Plumages: The downy young, when first hatched is a large, fat, awkward, and helpless looking creature, covered with long coarse down, which on the upper parts is mixed with long hair-like filaments, longest and coarsest on the rump and thighs. The upper parts are “drab” or “hair brown,” deepening to “Prout’s brown” or “mummy brown ” on the crown and rump, with two whitish rump patches, one above each thigh; the brown of the head extends below the eyes to the lores and auriculars, a broad band of grayish white separating this from a poorly defined malar stripe of “drab “; the under parts are mostly grayish white, shading into the darker colors on the sides and into an indistinct collar of “drab” on the lower neck. The colors fade out paler with increasing age. The young bird is almost fully grown before the juvenal plumage is complete; it comes in first on the flanks, scapulars and head; the down is replaced last on the center of the belly, back, and rump. In this plumage the upper parts are dark brown, “clove brown ~ or “bone brown on the back and “blackish brown” on the crown; the feathers of the mantle are indistinctly barred, tipped, or sprinkled with fine dots of pale huffy shades; and the crown feathers are tipped with brownish buff. The flank feathers are more distinctly barred with dusky and grayish buff; the breast feathers are dusky, broadly tipped with buff and the rest of the plumage is more or less mottled with dusky, grayish, and huffy tints. There is no clear white on the side of the head which is mottled with dusky, the mottling forming a more or less distinct malar strip. The sexes are alike in this plumage, except that the female is decidedly smaller. This plumage is worn without much change until the spring molt begins. This molt is nearly complete, involving everything but the wings, and produces the decided seasonal change peculiar to this species.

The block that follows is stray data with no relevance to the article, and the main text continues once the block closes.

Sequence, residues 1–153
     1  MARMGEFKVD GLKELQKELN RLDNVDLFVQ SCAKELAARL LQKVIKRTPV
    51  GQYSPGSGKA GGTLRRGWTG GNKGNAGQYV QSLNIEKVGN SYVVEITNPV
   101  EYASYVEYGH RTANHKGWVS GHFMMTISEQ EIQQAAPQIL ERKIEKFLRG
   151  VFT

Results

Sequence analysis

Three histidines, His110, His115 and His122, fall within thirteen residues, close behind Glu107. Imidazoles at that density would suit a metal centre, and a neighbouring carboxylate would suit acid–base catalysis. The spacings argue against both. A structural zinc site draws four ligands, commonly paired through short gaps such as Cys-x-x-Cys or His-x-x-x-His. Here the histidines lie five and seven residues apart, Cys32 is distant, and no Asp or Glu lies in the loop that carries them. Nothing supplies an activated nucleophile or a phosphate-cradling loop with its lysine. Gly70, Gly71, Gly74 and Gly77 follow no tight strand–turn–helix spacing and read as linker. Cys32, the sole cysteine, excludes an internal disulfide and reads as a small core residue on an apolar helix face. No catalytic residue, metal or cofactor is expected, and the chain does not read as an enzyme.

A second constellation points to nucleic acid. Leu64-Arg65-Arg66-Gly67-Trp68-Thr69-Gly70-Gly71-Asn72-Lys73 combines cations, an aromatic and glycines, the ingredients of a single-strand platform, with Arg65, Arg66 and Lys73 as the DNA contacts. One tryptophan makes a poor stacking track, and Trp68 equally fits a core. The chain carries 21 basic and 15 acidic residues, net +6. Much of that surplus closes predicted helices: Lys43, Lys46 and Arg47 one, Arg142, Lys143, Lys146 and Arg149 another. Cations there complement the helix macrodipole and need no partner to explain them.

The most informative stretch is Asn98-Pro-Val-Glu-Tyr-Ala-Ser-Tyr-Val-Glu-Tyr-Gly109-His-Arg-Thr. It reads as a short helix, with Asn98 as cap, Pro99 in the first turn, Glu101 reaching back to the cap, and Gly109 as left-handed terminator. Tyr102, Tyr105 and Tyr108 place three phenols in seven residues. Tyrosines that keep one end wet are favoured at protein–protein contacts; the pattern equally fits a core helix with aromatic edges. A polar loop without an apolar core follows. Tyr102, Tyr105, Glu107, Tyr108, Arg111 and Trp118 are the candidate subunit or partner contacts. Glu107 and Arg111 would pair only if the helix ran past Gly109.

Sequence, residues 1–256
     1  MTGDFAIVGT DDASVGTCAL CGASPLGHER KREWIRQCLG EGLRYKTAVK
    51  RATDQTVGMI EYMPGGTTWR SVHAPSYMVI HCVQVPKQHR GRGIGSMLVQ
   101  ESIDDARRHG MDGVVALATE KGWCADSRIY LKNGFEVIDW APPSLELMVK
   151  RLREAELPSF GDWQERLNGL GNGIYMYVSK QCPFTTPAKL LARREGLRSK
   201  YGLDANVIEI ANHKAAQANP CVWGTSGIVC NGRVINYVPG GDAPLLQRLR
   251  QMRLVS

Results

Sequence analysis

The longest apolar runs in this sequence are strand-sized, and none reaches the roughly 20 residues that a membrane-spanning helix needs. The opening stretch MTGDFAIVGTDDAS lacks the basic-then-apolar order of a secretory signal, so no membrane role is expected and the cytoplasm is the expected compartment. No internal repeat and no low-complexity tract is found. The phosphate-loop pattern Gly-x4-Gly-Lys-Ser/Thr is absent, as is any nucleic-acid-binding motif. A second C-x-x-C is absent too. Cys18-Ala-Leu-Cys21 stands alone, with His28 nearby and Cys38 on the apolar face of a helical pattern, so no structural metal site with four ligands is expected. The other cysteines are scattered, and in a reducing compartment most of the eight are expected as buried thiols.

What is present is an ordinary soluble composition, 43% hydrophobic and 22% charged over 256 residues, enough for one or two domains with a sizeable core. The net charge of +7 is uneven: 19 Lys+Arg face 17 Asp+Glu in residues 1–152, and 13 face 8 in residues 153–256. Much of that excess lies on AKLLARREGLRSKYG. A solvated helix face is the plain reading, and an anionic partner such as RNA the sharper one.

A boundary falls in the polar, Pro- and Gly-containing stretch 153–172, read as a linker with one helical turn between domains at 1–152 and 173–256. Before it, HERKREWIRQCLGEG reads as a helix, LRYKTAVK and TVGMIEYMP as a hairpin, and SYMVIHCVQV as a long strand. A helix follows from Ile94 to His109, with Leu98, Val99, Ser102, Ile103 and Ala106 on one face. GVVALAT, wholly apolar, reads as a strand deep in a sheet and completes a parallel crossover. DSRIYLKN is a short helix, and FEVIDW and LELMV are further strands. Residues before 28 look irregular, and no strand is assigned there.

Mr. A. J. van Rossem has sent me some notes on the molts and plumages of this unique duck, based on extensive studies, from which I quote as follows:
The juvenal plumage is retained until about January or February, when it is replaced (including the tail) by a plumage closely resembling that of the winter adults. The male, at least, about the middle or end of May then assumes a red plumage in general resembling tile midsummer adult, except that tile reds are darker and apt to be obscured by an admixture of darker (similar to the winter) feathers. With the taking on of this first red plumage, the tail is again melted. It is melted again in the fall, at the time of the transition into winter plumage. Thus two years are required to attain the brilliant red plumage of the fully adult male.
The ruddy duck is one of very few species which have a strictly nuptial plumage and two extensive molts. The prenuptial molt in April and May produces the well-known nuptial plumage of the male, involving practically all of the contour plumage and the tail, and characterized by the brownish black crown, the white cheeks, the sky-blue bill, and the “chestnut” back. The nuptial plumage of the female is not so striking; it is much like that of the first winter, hut the cheeks, chin, and throat become purer white.
There is no eclipse plumage. The summer molt, occurring from August to October, is complete, producing an adult winter plumage much like that of the first winter, except that the cheeks, chin, and throat are pure white, including the lores and nearly up to the eyes; the sexes are much alike in this plumage, but the male is decidedly larger, and many of the mottled feathers of the mantle and flanks are more or less washed with chestnut. Adults can always be distinguished from young birds by the white cheeks and throats.